3 The EIT Label is a quality seal awarded by the EIT to a KIC’s educational programme which complies with specific quality criteria related inter alia to entrepreneurial education and innovative ‘learning-by-doing’ curricula. The KICs represent dynamic innovation ecosystems that produce a wide range of results (see Figure 1 below). Education and training, talent and skills development are at the core of the EIT model. No other EU action on innovation includes higher education in the innovation value chain to the extent the EIT does. The EIT’s education agenda is key for developing highly entrepreneurial and skilled innovators. By 2017, more than 1700 graduates have successfully completed an EIT-labelled master and/or doctoral programme, and thousands have participated in entrepreneurial and innovative education activities and formats. The focus on global challenges through the integration of the knowledge triangle distinguishes the EIT from other innovation instruments. By providing a grant for up to 15 years to KICs, the EIT is delivering on its long-term objective of tackling global challenges through innovative products and services and bringing concrete benefits to our society and citizens. The EIT also has set the objective to the KICs to become financially sustainable after 15 years, which is a unique feature that leads to a business and result oriented innovation instrument. In this context, KICs have to develop and implement revenue-creating strategies in order to maintain their innovation ecosystem beyond the period covered by the grant agreement. The EIT approach contributes to both incremental and disruptive innovations to happen, to effectively address market failures and help transform industries. It enables the creation of long-term business strategies for addressing global challenges and helps creating the framework conditions that are essential for a well-functioning innovation ecosystem to grow and innovation to thrive.

The EIT offers an efficient and effective platform for launching, scaling up and managing KICs with strong network effects and positive spill-overs (see Figure 2 below). The first wave of KICs (EIT Digital, EIT Climate-KIC and EIT InnoEnergy), launched in 2009, is established and mature and after 2024 their framework partnership agreements will be terminated, in line with the maximum grant duration. A second and third generation of KICs (EIT Health and EIT Raw Materials (2014), EIT Food (2016)) is maturing. EIT Urban Mobility and EIT Manufacturing, the two KICs designated in December 2018, are starting their operations in 2019.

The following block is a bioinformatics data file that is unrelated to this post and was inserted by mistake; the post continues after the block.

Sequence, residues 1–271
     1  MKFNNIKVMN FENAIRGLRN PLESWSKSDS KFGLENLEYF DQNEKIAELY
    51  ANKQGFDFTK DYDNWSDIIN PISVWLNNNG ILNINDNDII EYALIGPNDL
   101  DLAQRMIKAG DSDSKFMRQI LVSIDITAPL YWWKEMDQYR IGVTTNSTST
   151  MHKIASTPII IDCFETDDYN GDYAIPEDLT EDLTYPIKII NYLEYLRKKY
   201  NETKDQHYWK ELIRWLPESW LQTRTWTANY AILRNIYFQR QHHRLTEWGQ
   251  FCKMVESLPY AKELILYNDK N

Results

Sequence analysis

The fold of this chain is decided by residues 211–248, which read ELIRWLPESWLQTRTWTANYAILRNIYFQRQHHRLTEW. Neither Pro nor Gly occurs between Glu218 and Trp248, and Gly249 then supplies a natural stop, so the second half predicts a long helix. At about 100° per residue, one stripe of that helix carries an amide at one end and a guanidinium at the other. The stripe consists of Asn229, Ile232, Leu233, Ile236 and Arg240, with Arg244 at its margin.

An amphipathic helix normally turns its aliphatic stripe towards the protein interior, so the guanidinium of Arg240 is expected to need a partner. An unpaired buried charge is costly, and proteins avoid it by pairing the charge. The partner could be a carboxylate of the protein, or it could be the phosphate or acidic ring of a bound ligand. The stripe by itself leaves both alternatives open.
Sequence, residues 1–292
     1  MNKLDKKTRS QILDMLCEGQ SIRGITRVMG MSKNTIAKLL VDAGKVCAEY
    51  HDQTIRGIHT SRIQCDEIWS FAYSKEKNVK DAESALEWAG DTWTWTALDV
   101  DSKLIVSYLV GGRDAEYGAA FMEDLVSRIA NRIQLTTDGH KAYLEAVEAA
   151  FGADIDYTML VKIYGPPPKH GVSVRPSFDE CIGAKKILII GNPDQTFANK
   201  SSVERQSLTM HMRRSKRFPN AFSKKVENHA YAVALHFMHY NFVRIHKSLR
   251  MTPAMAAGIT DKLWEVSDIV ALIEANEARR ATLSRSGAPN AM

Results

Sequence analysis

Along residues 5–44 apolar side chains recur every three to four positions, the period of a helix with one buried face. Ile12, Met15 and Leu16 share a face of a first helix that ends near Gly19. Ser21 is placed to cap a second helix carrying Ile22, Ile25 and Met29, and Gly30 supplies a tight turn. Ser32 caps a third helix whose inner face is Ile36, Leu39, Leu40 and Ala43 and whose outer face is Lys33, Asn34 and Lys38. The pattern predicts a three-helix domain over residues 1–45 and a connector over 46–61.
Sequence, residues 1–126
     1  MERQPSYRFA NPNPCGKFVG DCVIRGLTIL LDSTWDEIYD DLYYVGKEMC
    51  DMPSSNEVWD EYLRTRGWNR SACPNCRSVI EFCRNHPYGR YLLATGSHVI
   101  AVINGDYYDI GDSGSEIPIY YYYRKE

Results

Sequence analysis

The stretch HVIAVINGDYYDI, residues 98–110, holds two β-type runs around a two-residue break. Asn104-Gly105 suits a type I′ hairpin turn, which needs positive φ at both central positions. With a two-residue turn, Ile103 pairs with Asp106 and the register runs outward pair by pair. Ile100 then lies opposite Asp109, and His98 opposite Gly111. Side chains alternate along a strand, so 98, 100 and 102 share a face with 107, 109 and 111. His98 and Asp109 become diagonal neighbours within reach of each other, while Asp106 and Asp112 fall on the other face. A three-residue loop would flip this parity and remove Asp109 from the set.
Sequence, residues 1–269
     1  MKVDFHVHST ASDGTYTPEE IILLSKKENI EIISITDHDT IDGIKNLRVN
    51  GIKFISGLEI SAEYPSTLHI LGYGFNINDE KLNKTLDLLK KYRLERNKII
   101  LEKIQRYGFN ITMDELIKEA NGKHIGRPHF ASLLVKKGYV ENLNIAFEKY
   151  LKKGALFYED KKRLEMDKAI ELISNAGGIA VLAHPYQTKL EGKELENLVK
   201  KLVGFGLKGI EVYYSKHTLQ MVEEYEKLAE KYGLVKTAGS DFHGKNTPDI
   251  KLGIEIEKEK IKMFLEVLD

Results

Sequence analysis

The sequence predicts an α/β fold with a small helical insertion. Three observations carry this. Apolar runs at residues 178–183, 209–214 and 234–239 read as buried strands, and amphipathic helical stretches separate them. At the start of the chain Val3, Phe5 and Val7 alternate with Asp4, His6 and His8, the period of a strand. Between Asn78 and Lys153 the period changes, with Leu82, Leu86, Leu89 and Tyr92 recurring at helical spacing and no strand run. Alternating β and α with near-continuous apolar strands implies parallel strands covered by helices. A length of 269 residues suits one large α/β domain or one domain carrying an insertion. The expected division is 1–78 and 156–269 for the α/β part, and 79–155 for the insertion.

Through its eight KICs with more than 1000 partners from business, research and education, the EIT represents the largest EU-supported innovation ecosystem. The EIT has supported more than 1200 start-ups and innovative ventures, leading to over EUR 890 million in external funding attracted by those companies and more than 6000 jobs created by the supported start-ups. More than 50% of KIC partners are from the business sector (industry, SMEs and start-ups) demonstrating the proximity to the market. The increase in number of partners in each KIC shows the attractiveness and long-term potential of the EIT model. By 2019, there are more than 600 businesses, 250 HEIs, 200 research organisations, and more than 50 civil society organisations and authorities participating in EIT KICs.

In the backdrop of persisting regional disparities in innovation performance, the EIT launched a Regional Innovation Scheme (RIS) in 2014 to widen its regional outreach to modest and moderate innovator countries. Through the RIS, the EIT has expanded its activities across Europe and offers now opportunities for regions with low innovation performance to engage in knowledge triangle activities as part of the a KIC community. This is also reflected in the share of EIT funding allocated to EU-13 partners (8.3% as compared to 4.8% in Horizon 2020 as of 2018).

The EIT has been able to stay agile and to develop the governance principles and rules for the successful management of its KICs under the overall umbrella of Horizon 2020, in accordance with the EIT Regulation. Its operational independence has allowed it to test and effectively implement a number of novelties in the management of its beneficiaries such as a competitive funding mechanism, financial sustainability targets and specific key performance indicators.

1.3. Key Challenges

The EIT is part of the overall Horizon Europe framework that aims, inter alia, to deliver scientific, economic/technological and societal impact so as to strengthen the scientific and technological bases of the Union; deliver on the Union strategic policy priorities, foster its competitiveness in all Member States, including in its industry, and contribute to tackling global challenges, including the Sustainable Development Goals. A core condition for being successful in this endeavor is to respond to the persisting need to increase innovation capacity across the Union. There are in particular three challenges the EU faces that will guide EIT’s actions in 2021-2027 as reflected by its general objectives.